…He was brilliant, and funny. A kid genius. A soul, a conscience, the source of a question I have asked myself a million times: What would Aaron think? That person is gone today, driven to the edge by what a decent society would only call bullying. I get wrong. But I also get proportionality. And if you don’t get both, you don’t deserve to have the power of the United States government behind you.
For remember, we live in a world where the architects of the financial crisis regularly dine at the White House — and where even those brought to “justice” never even have to admit any wrongdoing, let alone be labeled “felons.”
It is no accident that Silicon Valley is in America, and not France, or Germany, or England, or Japan. In those countries, people color inside the lines.
In short, Aaron Swartz was not the super hacker breathlessly described in the Government’s indictment and forensic reports, and his actions did not pose a real danger to JSTOR, MIT or the public. He was an intelligent young man who found a loophole that would allow him to download a lot of documents quickly. This loophole was created intentionally by MIT and JSTOR, and was codified contractually in the piles of paperwork turned over during discovery.
Startup Grind Guangzhou just posted a new post on China mobile ads market:
Mobile and social apps are continuing to evolve and diverge. When the tech world is busy turning out the next version of smart phones, makers of traditional electronics in China are already busy with newer version of regular hardware, ones that with RESTful API, that enable infinite integration possibilities with any web services.
I recently had lunch with a LED light bulbs maker in Guangzhou, and he told my company that he’s working on an new LED lights connector that allows any web services or system to easily control his ‘hardware’, the LED lights. We were not surprised that companies with web app expertise unilaterally thought of extending the reach of web apps (or mobile apps) to hardware, but we were surprised to know this gentleman with literally no web knowledge already envision how is hardware can expose an API to any software systems.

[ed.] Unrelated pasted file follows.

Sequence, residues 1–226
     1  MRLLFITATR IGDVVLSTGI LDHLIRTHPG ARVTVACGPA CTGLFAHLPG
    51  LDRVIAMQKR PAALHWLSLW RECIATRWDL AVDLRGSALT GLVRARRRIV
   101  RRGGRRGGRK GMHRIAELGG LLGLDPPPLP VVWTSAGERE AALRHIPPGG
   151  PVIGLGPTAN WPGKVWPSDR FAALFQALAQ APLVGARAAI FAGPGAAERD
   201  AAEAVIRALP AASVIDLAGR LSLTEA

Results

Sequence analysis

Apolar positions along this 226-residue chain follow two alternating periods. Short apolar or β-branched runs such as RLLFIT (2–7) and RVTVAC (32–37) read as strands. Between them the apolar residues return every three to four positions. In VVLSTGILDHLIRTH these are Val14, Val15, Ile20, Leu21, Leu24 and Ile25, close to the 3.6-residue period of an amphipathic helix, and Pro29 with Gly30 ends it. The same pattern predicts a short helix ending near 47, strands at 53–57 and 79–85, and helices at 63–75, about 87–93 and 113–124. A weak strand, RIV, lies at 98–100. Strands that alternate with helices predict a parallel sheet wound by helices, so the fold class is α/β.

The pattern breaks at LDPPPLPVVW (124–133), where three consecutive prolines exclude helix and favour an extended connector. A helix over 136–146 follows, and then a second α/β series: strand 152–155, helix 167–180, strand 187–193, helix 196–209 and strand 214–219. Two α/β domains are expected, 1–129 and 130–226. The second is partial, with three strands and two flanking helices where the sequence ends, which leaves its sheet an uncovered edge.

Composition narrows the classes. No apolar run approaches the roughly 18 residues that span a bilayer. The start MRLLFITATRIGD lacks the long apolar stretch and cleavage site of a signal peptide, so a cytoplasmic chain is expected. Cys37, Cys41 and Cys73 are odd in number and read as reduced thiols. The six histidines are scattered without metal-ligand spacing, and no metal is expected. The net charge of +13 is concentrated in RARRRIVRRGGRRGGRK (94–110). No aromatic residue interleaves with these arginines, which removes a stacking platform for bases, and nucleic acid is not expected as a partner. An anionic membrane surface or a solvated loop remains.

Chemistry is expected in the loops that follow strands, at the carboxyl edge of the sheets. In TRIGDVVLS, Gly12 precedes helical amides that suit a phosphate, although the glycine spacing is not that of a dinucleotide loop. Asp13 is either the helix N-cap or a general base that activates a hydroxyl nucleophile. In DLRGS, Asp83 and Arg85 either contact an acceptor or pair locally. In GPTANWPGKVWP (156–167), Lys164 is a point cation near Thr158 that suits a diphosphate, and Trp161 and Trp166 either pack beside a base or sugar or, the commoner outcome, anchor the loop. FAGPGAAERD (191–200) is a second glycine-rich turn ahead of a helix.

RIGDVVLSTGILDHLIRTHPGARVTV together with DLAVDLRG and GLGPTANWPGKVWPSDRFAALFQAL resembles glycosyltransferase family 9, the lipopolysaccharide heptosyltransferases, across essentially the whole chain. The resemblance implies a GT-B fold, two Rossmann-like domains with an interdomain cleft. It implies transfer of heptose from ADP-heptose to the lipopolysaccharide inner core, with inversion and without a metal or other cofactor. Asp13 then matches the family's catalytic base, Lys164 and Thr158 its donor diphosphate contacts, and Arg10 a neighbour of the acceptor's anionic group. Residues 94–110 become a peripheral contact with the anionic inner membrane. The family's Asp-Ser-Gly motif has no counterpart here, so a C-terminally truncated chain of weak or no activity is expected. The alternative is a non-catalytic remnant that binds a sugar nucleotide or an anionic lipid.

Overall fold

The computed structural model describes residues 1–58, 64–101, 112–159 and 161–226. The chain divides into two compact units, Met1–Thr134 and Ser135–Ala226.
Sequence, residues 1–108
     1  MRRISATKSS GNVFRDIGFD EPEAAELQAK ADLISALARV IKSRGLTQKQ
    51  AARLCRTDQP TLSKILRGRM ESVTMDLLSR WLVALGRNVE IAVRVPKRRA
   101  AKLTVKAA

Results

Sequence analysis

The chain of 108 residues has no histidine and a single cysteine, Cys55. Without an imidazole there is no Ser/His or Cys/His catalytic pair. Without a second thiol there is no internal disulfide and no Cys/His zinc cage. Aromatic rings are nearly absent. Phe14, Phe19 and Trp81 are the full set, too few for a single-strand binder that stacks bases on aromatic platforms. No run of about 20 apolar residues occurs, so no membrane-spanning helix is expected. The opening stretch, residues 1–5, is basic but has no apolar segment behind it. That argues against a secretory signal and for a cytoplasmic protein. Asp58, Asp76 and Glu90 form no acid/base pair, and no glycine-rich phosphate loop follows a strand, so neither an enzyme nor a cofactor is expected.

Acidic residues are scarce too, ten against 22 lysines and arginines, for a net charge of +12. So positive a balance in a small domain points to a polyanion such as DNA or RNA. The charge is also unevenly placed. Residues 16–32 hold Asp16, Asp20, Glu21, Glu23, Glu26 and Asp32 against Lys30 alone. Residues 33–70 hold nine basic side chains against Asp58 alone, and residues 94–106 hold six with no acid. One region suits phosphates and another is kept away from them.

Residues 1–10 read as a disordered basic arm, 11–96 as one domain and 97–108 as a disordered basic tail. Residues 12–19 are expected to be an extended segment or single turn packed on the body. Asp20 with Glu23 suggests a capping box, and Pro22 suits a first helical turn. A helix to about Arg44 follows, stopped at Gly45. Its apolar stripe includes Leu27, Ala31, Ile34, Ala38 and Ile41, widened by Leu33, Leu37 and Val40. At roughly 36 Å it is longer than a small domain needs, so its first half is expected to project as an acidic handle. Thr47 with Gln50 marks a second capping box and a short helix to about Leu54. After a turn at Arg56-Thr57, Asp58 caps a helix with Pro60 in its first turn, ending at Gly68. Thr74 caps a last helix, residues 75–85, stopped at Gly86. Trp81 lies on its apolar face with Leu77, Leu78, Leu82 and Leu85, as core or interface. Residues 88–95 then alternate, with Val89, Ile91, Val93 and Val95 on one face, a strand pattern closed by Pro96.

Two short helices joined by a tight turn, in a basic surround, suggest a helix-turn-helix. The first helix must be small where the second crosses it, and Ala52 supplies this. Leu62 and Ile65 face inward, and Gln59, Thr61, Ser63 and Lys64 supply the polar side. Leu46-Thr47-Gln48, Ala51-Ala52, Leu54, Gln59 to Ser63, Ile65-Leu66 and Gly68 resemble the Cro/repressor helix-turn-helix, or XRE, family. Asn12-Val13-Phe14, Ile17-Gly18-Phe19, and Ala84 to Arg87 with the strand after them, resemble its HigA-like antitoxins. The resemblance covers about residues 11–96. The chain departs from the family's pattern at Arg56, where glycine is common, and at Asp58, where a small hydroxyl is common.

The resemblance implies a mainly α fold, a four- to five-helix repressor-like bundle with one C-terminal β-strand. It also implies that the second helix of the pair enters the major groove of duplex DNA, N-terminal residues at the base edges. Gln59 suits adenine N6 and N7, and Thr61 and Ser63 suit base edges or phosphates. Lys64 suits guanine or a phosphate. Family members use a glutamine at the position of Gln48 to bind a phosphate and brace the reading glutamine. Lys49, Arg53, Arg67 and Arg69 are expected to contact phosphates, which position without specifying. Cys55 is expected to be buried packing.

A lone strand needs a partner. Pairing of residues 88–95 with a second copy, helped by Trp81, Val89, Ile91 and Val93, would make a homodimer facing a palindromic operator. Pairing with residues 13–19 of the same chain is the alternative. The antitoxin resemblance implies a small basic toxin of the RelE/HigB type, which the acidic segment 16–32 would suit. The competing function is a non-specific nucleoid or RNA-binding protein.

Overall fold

My own company has been involved with hardware of these kinds since 2009, although back then my CEO was not aware of this trend and less clear about how the future of connected devices will roll out. As Bill Joy predicted, we’re going to live with ’6 webs’, and smart phone will only be one of them, the ‘here web’. We are realizing that we are realizing ‘the wired web’ which Bill Joy said ‘not existing yet’ back in 2006. Now it does, and we are making it.
To borrow Paul Graham’s words, you won’t be the next Steve Job, but you may become the next <you-name-it-hardware> maker who takes over the world because you know how to put a RESTful API to your hardware and how to work with Chinese engineers.
It’s a great time to live and work in mainland China, especially Guangzhou!
Haha man come on. You can be unethical and still be legal[;] that’s the way I live my life.
by Mark Zuckerberg, Facebook “创始人”
So you want to access your home server (Linux/FreeBSD) from anywhere? Good. But first read the following disclaimer,
By reading this tutorial, you agree that any use of this technique in your employer’s network or networks you are NOT authorized to use are ENTIRELY YOUR OWN RESPONSIBILITIES.